, JobStart StartTime
    , EndTime = case
        when CAST( JobStart as Date ) < CAST( JobEnd as Date )
          then dateadd( dd, 1, CAST( JobStart as Date ) )
          else JobEnd
        end
  from
    Job

  union

  select
    CAST( JobEnd as Date ) Day
    , JobId
    , WorkerId
    , Cast( JobEnd as Date ) StartTime
    , JobEnd EndTime
  from
    Job
  where
    CAST( JobStart as Date ) < CAST( JobEnd as Date )
)

select
  * 
from
  JobByDay
order by
  WorkerId, Day
share|improve this answer

You just need to make sure that all the times from your temp table are on the same date as start date. I'll post just the modified select part, the rest stays the same.

In SQL Server 2008 or higher:

SELECT J.WorkerID 
,COUNT(DISTINCT t.cte_start_date) AS TotalTime
FROM #time AS t
INNER JOIN Job AS J ON t.cte_start_date >= J.JobStart AND t.cte_start_date < J.JobEnd
and dateadd(d, 0, t.cte_start_date as date) = cast(J.JobStart as date)
GROUP BY J.WorkerID 

On SQL Server 2005 and below:

SELECT J.WorkerID 
,COUNT(DISTINCT t.cte_start_date) AS TotalTime
FROM #time AS t
INNER JOIN Job AS J ON t.cte_start_date >= J.JobStart AND t.cte_start_date < J.JobEnd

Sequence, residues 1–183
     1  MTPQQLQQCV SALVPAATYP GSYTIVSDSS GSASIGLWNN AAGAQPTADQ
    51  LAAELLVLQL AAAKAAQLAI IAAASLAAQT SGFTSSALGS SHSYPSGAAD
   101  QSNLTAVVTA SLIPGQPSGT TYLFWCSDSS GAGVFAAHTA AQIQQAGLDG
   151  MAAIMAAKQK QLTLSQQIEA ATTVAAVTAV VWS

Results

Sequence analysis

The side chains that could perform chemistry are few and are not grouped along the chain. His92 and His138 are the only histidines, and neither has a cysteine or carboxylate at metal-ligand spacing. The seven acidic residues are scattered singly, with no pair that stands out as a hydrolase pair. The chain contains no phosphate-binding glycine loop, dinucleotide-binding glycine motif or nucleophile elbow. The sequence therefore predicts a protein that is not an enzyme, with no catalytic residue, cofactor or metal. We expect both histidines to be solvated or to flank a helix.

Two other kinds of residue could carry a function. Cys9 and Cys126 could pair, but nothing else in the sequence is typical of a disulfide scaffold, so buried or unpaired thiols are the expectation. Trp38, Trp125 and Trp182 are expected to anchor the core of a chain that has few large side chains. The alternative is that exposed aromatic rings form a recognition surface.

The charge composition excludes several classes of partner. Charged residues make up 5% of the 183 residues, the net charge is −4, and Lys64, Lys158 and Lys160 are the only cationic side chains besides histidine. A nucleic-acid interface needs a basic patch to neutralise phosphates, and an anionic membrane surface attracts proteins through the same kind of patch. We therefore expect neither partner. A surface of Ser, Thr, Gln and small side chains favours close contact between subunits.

and DateAdd(d, 0, DateDiff(d, t.cte_start_date, 0)) = DateAdd(d, 0, DateDiff(d, J.JobStart, 0))
GROUP BY J.WorkerID 

EDIT

You can use the query below to get times on each date (split by midnight) - full query:

    DECLARE @FromDate AS DATETIME,
     @ToDate AS DATETIME,
     @Current AS DATETIME
SET @FromDate = '2012-11-17 16:00'
SET @ToDate = '2012-11-21 18:30'

create table #time  (cte_start_date datetime)
set @current = @FromDate
while (@current < @ToDate)
begin

insert into #time (cte_start_date)
values (@current)

set @current = DATEADD(n, 1, @current)

end

    --query to edit
SELECT J.WorkerID, CAST(t.cte_start_date as date) as WorkedDate
,COUNT(DISTINCT t.cte_start_date) AS TotalTime
FROM #time AS t
INNER JOIN Job AS J ON t.cte_start_date >= J.JobStart AND t.cte_start_date < J.JobEnd
GROUP BY J.WorkerID, CAST(t.cte_start_date as date)
share|improve this answer
    
Szymon, That worked and I guess that's pretty simple. Why do you have to cast as date for the last and/comparison? –  coldCoughee Oct 8 '13 at 19:54
    
I'm casting to compare date only part (without time), that's an easy way to do it. –  Szymon Oct 8 '13 at 19:55
    
problem with this is that the hours that empID 25 worked past midnight are lost. I need to capture the hours worked past midnight and put them in their own 2012-11-20 date 'bucket' for employee 25. –  coldCoughee Oct 8 '13 at 20:05
    
See my edit, that will give you time for each date (split by midnight), you can then use that info as you want. –  Szymon Oct 8 '13 at 20:10
    
Szymon, the result set from EDITted query gives only 3 rows for EmpID 25. 60 min TotalTime on 11-17, 50 min TotalTime on 11-18, and 60 (instead of 360 minutes) for TotalTime on 11-19 and no result for TotalTime worked on 11-20, which should be 1110 minutes (18.5 hours). –  coldCoughee Oct 8 '13 at 20:22